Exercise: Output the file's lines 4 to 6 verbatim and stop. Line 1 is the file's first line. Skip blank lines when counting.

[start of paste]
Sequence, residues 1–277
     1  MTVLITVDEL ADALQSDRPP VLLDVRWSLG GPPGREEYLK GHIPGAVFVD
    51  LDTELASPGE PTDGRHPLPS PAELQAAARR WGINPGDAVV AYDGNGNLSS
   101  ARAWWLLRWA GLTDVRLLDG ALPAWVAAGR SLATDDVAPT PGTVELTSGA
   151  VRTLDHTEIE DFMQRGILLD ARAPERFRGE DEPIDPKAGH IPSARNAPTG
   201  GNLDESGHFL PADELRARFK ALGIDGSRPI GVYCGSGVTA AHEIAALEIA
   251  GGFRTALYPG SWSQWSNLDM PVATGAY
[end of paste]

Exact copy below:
   101  ARAWWLLRWA GLTDVRLLDG ALPAWVAAGR SLATDDVAPT PGTVELTSGA
   151  VRTLDHTEIE DFMQRGILLD ARAPERFRGE DEPIDPKAGH IPSARNAPTG
   201  GNLDESGHFL PADELRARFK ALGIDGSRPI GVYCGSGVTA AHEIAALEIA